The City of Scottsdale is walking back a provision that would have sheltered people residing in a large homeless encampment in Phoenix after a Republican lawmaker’s intervention.
Rep. Matt Gress, R-Phoenix, recently penned a letter to the Arizona Department of Housing notifying the department he believed Scottsdale’s plan to house unsheltered people from “The Zone” in the city’s hotel shelter program was unlawful.
The city’s program is funded by a $940,000 grant from the Department of Housing. It converts 10 hotel rooms in an undisclosed hotel to a temporary shelter for seniors, families and single mothers. The city originally intended to use three of the rooms to house senior women, single mothers and children or families from “The Zone,” several of which are impacted by the lift of Title 42 in May, a Trump administration pandemic public health restriction that allowed border officials to deny migrants entry into the country.
Department of Housing Director Joan Serviss responded to Gress on Aug. 18 and confirmed to him the city will not use shelter beds and services provided by the grant to individuals from “The Zone” or who are impacted by Title 42.
“This is a victory for the safety and well-being of Scottsdale’s residents, many who staunchly oppose their tax dollars being spent to house homeless from other cities and foreign nationals who should have been deported under Title 42,” Gress said in a news release. “I maintain serious concerns regarding the city’s intentions to utilize area hotels for this purpose and intend to pursue this matter further.”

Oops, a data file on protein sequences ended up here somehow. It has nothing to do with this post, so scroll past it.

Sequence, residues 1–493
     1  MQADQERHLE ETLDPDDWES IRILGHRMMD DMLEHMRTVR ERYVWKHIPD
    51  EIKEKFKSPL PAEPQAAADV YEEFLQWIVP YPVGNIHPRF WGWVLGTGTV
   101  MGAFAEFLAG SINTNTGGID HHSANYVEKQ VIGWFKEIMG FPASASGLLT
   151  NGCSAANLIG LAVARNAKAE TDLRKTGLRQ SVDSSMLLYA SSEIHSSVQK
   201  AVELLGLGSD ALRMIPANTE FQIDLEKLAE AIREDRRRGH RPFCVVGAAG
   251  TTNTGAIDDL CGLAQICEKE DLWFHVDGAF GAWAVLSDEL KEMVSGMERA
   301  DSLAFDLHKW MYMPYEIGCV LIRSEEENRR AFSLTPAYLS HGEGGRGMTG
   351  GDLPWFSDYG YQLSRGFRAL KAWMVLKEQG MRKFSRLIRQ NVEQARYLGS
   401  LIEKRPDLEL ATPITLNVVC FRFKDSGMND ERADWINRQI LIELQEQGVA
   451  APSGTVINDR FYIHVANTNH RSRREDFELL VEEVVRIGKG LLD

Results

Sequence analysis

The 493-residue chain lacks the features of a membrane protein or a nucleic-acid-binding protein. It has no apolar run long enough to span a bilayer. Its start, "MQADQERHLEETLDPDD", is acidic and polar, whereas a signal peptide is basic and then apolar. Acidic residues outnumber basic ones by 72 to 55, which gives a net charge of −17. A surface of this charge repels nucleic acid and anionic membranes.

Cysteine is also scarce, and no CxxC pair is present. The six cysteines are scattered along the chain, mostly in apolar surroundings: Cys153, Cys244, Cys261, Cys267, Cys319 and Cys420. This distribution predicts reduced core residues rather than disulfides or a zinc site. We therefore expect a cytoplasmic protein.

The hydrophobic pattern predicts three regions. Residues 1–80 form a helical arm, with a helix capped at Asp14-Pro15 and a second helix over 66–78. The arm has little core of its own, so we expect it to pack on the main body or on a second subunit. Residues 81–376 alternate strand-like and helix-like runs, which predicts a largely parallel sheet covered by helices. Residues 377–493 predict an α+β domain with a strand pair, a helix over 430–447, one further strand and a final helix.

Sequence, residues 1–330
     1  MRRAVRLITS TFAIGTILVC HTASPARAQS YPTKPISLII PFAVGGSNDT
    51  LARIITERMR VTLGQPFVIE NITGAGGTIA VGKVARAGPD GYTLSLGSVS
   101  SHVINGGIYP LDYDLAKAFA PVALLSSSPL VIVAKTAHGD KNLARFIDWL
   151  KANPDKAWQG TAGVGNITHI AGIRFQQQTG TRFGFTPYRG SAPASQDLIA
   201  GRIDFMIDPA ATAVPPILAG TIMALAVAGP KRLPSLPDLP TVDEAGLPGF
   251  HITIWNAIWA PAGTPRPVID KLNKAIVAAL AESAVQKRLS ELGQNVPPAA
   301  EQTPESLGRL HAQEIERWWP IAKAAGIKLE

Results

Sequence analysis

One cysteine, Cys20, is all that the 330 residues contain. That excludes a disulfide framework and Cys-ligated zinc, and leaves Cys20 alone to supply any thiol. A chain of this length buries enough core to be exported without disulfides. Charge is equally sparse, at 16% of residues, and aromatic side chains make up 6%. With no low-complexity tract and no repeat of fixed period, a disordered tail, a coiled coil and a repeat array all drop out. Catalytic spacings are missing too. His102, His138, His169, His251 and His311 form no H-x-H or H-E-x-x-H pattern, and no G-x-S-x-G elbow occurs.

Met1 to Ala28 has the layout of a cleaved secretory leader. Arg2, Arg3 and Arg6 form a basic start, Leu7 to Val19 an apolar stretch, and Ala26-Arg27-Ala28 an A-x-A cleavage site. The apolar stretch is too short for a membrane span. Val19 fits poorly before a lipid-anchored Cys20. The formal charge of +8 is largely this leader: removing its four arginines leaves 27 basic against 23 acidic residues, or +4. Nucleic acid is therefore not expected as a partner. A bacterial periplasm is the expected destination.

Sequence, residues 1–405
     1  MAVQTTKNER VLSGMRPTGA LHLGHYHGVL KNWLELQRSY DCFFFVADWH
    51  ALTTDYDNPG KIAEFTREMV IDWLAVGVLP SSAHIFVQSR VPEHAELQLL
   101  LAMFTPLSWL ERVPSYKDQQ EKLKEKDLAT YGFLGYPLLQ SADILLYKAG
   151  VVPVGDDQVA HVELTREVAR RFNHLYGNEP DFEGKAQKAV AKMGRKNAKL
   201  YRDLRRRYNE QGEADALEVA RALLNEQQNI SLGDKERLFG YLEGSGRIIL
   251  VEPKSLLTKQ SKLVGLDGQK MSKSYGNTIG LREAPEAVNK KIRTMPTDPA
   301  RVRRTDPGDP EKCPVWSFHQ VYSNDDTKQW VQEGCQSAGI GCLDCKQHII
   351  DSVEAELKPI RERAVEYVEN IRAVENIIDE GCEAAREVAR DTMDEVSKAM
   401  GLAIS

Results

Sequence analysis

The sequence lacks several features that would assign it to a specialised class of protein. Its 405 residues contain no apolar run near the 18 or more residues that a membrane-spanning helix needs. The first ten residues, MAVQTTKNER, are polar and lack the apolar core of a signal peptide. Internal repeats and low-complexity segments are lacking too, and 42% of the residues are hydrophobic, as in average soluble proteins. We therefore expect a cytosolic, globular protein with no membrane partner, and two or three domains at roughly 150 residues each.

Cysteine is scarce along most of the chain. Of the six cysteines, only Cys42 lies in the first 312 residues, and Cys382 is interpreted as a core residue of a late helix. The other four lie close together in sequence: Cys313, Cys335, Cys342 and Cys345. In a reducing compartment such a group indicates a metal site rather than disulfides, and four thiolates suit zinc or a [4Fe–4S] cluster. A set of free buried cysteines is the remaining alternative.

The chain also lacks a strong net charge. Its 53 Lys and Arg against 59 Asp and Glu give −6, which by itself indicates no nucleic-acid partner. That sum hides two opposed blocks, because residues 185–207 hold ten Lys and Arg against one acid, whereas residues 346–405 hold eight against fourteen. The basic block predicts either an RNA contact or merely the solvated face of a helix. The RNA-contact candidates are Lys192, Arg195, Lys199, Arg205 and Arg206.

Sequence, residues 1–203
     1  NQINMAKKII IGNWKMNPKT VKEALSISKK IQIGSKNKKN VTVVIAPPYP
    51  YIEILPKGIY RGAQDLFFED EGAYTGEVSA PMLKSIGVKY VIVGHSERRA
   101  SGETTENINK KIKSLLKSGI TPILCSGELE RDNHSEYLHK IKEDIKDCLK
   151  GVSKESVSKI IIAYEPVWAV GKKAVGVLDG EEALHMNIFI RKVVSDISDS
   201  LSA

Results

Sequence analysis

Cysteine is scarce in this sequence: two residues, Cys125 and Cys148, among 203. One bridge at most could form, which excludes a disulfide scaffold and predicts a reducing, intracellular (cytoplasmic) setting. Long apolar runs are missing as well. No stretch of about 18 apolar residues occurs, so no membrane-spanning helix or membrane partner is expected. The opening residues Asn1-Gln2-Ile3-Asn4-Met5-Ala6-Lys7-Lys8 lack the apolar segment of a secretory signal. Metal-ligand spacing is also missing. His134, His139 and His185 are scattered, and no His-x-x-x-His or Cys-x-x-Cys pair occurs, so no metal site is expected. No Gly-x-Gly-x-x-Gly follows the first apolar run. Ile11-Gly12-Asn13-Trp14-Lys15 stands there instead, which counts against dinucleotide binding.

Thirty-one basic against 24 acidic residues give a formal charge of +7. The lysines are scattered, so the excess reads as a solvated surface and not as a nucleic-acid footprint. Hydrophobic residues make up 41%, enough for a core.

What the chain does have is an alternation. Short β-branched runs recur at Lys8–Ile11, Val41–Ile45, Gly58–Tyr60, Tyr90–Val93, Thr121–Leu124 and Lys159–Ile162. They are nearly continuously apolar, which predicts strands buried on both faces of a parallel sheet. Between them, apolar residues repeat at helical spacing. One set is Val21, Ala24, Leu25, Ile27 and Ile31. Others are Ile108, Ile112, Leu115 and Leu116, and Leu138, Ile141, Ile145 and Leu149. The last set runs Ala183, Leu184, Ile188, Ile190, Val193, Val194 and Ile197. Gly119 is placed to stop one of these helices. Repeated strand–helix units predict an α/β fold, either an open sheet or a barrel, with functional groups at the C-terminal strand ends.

Gress, in his role as chairman of the Joint Legislative Audit Committee, said he will soon announce a committee hearing to examine the approach of converting hotels to housing shelters.
Serviss wrote in her response to Gress that the Department of Housing stands by the validity of its contract with Scottsdale and not serving individuals from “The Zone” or affected by Title 42 won’t breach the contract.
Scottsdale Mayor David Ortega confirmed Monday in a text to The Arizona Capitol Times that the hotel program will now only serve Scottsdale-area veterans, displaced seniors and single-parent families. While he said he was glad attention was being brought to this group of disadvantaged people, he felt the hotel program had been sensationalized.
Scottsdale started its hotel housing program in 2021, which assists about 120 people annually. A Scottsdale news release stated 84% of participants in the program secure housing within 30 to 90 days.
Ortega noted Gress and Senate Appropriations Chairman John Kavanagh, R-Fountain Hills, both approved the program when they voted to pass the state budget, which designates funds for the Department of Housing grants like the hotel program.
“It is unclear why Rep. Gress contradicts himself now. Some might call it hypocrisy,” Ortega said. “Scottsdale businesses and residents expect us to be accountable and apply resources to help the vulnerable get back on their feet. Rep. Gress needs to find a way to work together. My door is open to him to sit with us and discuss solutions. To date he has not accepted my offer,” he continued.
Gress argued in his letter to Serviss that the provision to house individuals from “The Zone” or affected by Title 42 is an improper use of state monies and goes beyond the scope of the Department of Housing’s statutory authority. He also wrote the provision was “state imposed” and the city informed him that it has never operated its hotel program to serve people outside of the local community.
Gress also objects to hotel housing programs like Scottsdale’s. In July, he sent a letter to city officials first expressing his concern with the program and cited an article from the San Franciso Chronicle which reported “disastrous results” with little oversight over a similar hotel housing program. The Chronicle reported at least 166 people fatally overdosed in city-funded hotels between 2020 and 2021.
Ortega also said city officials are still interested in helping disadvantaged people from “The Zone” or affected by Title 42. Scottsdale Human Services recently reported to the council some measures the city could take which include wraparound services to incentivize specific performance by a displaced individual. These services are community-based support services that may qualify for federal funding opportunities.